Marketing in a space with few established rules
By Joanna Seow

SINGAPORE – Stephanie Phua was once asked by a client why her social media agency Duo Studio charged what it did when his own intern could easily create the content and more.

She countered that her agency’s clarity of approach and strategies stem from her 10 years of experience working with social media content, and hiring experienced professionals would offer more peace of mind.

“There’s a lot of strategic thought we put into messaging and creative production to ensure brand integrity is sustained… Glad to say, he was convinced in the end,” says Ms Phua, 32, whose six-year-old company has worked with clients such as corporate heavyweight Fraser & Neave and Reebok.

That is just one of the common misconceptions about the social media marketing industry, which some see as just Instagramming and posting content all the time, or as a faceless tool that serves as a means to an end, she says.

In fact, it is an ever-evolving landscape that requires marketers to be connected and authentic at the same time. The Singaporean audience has also evolved from being relatively passive to finding their voice to speak up for what they believe in, she adds.

The growth of social media marketing provides more opportunities for smaller firms to compete with better-known ones.

Many big brands are still struggling to manage the shift from traditional marketing – which was more one-way – as not all are equipped with the right resources to handle social conversations, and smaller businesses may be able to outperform them in this area, says Ms Phua.

“If you truly understand what makes your target audience tick, how to drive good conversations and dedicate resources to getting this platform right, the beauty of social media is that outreach is democratised,” she says.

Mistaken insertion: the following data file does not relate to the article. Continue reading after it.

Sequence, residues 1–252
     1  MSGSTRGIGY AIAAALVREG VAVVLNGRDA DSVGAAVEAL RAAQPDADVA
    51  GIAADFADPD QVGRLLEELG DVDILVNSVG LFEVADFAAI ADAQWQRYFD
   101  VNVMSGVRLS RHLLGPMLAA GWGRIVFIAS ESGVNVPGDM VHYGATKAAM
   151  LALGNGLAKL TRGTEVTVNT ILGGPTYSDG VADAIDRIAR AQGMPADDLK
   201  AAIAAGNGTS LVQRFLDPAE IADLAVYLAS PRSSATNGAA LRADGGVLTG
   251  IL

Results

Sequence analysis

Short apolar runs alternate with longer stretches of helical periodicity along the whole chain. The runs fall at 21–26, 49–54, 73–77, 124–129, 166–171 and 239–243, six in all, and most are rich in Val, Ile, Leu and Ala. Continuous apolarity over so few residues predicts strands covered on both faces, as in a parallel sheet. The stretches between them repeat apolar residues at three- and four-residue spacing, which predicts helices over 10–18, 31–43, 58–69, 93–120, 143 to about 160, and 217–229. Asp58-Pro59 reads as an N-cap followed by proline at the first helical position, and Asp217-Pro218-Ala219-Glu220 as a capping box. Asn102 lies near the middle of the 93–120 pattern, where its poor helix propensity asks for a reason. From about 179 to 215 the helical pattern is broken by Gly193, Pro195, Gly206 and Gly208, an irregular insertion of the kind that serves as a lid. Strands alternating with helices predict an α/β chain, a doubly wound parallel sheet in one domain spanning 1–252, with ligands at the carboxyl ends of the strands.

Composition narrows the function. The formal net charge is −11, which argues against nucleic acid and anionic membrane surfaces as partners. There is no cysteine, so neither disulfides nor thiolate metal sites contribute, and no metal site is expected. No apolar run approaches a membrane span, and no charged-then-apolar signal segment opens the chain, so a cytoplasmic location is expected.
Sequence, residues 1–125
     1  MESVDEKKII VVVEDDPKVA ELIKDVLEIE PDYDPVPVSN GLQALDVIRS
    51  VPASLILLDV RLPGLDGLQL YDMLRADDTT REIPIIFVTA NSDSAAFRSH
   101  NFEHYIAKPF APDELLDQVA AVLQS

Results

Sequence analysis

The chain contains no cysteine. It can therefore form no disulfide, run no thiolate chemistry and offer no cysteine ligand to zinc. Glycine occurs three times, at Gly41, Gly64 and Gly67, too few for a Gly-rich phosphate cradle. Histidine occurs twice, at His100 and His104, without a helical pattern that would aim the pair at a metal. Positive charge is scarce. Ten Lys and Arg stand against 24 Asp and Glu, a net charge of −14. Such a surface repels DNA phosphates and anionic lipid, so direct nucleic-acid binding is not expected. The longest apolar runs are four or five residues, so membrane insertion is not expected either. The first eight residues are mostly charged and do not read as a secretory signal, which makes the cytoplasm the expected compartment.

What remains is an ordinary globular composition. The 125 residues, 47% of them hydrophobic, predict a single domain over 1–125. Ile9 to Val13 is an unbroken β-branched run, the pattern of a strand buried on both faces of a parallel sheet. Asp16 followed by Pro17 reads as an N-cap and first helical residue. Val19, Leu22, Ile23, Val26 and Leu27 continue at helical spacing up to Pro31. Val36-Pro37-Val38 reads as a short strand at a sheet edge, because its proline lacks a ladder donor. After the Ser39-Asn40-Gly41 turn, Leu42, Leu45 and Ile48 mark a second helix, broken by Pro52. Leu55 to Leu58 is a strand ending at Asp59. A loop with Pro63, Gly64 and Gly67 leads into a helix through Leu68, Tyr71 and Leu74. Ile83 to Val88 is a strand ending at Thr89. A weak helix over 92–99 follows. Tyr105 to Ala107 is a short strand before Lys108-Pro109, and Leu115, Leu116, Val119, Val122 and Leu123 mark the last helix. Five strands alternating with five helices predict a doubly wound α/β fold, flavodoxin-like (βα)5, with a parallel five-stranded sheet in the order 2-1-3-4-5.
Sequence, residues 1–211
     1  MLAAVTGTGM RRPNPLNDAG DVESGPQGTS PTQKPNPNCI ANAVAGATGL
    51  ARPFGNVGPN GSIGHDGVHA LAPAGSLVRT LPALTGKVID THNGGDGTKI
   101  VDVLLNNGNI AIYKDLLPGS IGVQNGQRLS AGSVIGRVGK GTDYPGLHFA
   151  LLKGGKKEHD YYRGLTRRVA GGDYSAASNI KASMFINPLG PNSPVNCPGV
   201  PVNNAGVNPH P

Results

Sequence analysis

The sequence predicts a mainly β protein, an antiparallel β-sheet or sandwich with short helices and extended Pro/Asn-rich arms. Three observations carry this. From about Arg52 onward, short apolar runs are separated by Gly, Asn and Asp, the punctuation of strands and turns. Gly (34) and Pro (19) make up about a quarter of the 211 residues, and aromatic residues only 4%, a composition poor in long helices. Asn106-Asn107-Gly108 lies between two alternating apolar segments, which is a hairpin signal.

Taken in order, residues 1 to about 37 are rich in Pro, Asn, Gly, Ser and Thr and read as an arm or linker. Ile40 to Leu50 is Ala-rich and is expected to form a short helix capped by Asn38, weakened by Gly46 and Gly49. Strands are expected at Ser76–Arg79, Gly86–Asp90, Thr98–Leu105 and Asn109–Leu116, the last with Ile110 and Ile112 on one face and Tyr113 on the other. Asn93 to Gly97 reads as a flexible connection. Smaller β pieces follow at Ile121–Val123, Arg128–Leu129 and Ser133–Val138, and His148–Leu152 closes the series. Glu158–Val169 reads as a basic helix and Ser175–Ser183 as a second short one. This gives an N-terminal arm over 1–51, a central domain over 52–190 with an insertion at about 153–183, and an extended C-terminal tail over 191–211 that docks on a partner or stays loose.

Q: What do you do at work?

A: No one day is the same for sure. A typical day involves team strategy meetings, client calls, overseeing shoots, and catching up on the latest in social media trends.

Q: How much do you earn?

A: $80,000 to $100,000 annually.

Q: Why did you decide to pursue this career?

A: I would call it serendipity. I graduated at a time when social media was still nascent. In my first internship, I was tasked to do a social media landscape study in South-east Asia and that’s where I saw there was a lot of thought leadership articles and best practices coming from the West, but a huge gap of knowledge and information available about South-east Asia.

I started experimenting with content on a personal basis, and started seeing the real business value that the platform could bring.

I was using Twitter to network, writing for a tech publication, and running my own blog where I’d play around with SEO (search engine optimisation) to see how it impacted traffic and businesses.

I was well and truly bitten by the social media bug then, and have never looked back. I set up Duo Studio in 2015 with pure intentions of adding soul to social – remembering the way we used to communicate before social media, and driving social media content that touches, engages, sparks conversations and is relatable.

Q: What is your educational background and how have you upgraded your skills along the way?

A: I graduated from the Wee Kim Wee School of Communication and Information at Nanyang Technological University in 2011, obtained a certificate in graphic design from Shillington College in Melbourne in 2013, and am an instructor who teaches classes in social media algorithms and creative brief writing.